Land Conservation – Lowcountry – Strategy and Guidelines

Land Conservation – Lowcountry

Lowcountry Land Conservation mapWe offer a suite of philanthropic resources to support the stewardship of both natural and working lands with increased focus through the lenses of climate resiliency, inclusion, and advocacy. Guided by current resiliency research, input from our grantees (including the Lowcountry Land Conservation Partnership), and our Expanding Conservation Toolbox Report, the strategy leverages the Foundation’s resources to produce strategic results in land conservation through landscape-scale protection opportunities, advance equity in communities of color across the region, and amplifying advocacy work to improve policies and increase public funding.

The Foundation provides grants to non-profit organizations for general operations and projects, program-related investments (PRIs), and directly engages in policy advocacy and communications to support the work of land conservation related organizations in the lower coastal plain with an emphasis on eleven counties – Charleston, Beaufort, Berkeley, Colleton, Dorchester, Georgetown, Hampton, Horry, Jasper, Marion, and Williamsburg.

Strategy

Conservation with a Climate Resiliency Lens

With the impacts of climate change in the region, including sea level rise, warmer temperatures, and extreme weather, focus on resilient climate corridors is a priority, imperative to not only coastal lands, but to also inland where habitats will migrate as impacts continue. We support land conservation organizations that demonstrate strategic protection with a resiliency lens as part of their program work, including mapping and research that identifies resiliency priorities; organizations working in vulnerable communities to address climate impacts using land conservation strategies; and advocacy organizations working at the federal, state, and local levels to increase public awareness and funding for mitigation and adaptation in the Lowcountry.

Conservation with a diversity, equity, and inclusion lens

The land conservation field, and the broader environmental field, has been reckoning with the benefits and impacts of the traditional approaches to conservation on BIPOC and low-wealth communities. The Lowcountry is no exception. The Foundation has already taken important steps to address these disparities and foster a more equitable field: providing diversity, equity and inclusion training for Foundation board, staff and grantees; participating in working groups and research that uncovers the history of conservation to prevent the perpetuation of systemic racism in the field; and supporting the creation of professional development affinity groups for BIPOC staff members in the region. We will continue these efforts, as well as provide philanthropic support to Black, Indigenous, Latino and other organizations of color addressing land conservation-related issues through general operations and project grants; continue to support White-led land conservation organizations which demonstrate a commitment to and activation of equity policies in their administration and programmatic work; and fund projects and initiatives centered around opportunities where traditional conservation organizations and BIPOC communities work collaboratively to address community priorities that intersect with land conservation.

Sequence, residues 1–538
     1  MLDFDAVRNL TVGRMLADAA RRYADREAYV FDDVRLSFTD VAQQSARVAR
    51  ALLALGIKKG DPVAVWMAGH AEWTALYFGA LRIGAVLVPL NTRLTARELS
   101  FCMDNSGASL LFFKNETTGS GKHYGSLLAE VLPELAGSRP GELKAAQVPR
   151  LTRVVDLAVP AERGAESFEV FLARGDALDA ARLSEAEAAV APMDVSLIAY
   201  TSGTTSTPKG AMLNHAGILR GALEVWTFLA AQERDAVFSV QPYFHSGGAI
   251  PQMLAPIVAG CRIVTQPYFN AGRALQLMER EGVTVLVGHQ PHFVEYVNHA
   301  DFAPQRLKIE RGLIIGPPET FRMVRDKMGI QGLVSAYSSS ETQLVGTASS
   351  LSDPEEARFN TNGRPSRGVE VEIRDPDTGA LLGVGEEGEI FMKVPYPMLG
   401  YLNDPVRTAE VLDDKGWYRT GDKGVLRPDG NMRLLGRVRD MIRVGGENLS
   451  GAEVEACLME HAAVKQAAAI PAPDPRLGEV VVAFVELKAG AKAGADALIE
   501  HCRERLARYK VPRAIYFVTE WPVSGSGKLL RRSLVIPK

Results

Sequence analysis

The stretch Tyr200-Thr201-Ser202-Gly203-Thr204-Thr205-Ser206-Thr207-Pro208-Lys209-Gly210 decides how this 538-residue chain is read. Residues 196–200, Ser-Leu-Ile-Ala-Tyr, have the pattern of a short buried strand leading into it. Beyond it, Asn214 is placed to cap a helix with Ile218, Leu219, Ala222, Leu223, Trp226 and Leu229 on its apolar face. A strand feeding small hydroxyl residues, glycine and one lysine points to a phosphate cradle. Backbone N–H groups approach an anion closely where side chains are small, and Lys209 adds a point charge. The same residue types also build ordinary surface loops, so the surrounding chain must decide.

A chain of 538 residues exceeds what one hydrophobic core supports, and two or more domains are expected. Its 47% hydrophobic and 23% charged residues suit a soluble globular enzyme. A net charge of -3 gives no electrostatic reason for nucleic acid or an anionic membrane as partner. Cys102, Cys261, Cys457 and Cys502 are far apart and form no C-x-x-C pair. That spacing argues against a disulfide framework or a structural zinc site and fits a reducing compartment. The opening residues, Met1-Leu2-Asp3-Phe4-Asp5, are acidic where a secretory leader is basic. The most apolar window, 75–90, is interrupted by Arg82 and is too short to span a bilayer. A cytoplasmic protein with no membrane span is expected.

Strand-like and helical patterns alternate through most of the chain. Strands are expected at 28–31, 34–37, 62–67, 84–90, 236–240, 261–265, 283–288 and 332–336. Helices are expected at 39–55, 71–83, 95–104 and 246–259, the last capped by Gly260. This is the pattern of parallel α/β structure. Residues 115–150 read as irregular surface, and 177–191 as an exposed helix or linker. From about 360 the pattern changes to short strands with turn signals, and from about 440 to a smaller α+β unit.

Advocacy and Communications to augment conservation efforts

Some land conservation outcomes happen with easements or fee simple transactions. Some with teams of volunteer stewards. Some occurs at the policy level. There are opportunities to advocate for the application of current and the development of future public programs at the state and local level to support conservation-focused regional planning, working lands, habitat connectivity, floodwater storage, and other resiliency-related efforts. We provide resources to help augment the land conservation field’s efforts to weave a cohesive narrative around the benefits of conservation and influence public policy on land use and resiliency, including general operating and project support to conservation advocacy efforts.

Watch the information session about the Lowcountry Land Conservation strategy.

Eligibility

Organizations that apply for grants or PRI support would need to meet the following eligibility requirements:

  • Must be a 501(c)(3) public charity (or be fiscally sponsored by one) or unit of government
  • Must be in compliance with the Secretary of State where the organization is headquartered
  • Must have completed at least one full fiscal year of operations before applying
  • Must have a nexus to land conservation in the Lowcountry region

The following are not eligible:

  • Individuals
  • Religious activities, political campaigns, or legislative lobbying
  • Stand-alone conferences, publications, films, events, websites, or videos
  • Endowments, capital campaigns, or debt reduction

How To Apply

Our next proposal deadline is July 29, 2022.


First-time prospective applicants or groups that haven’t received a conservation grant in the last three years must contact Rebecca Judd at rebecca@gddf.org – our Program Officer, Conservation with as much notice as possible before applying. For some prospective applicants, additional time or considerations may be warranted, and a future proposal deadline may be more appropriate.

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Current grantees, you will hear from us in advance of your final report date to discuss renewal options or updated projects.

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